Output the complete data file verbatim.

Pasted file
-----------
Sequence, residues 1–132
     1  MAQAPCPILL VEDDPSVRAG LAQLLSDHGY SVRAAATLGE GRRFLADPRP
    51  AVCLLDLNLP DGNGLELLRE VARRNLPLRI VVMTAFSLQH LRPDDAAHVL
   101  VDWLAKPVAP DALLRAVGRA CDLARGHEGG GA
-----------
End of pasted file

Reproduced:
Sequence, residues 1–132
     1  MAQAPCPILL VEDDPSVRAG LAQLLSDHGY SVRAAATLGE GRRFLADPRP
    51  AVCLLDLNLP DGNGLELLRE VARRNLPLRI VVMTAFSLQH LRPDDAAHVL
   101  VDWLAKPVAP DALLRAVGRA CDLARGHEGG GA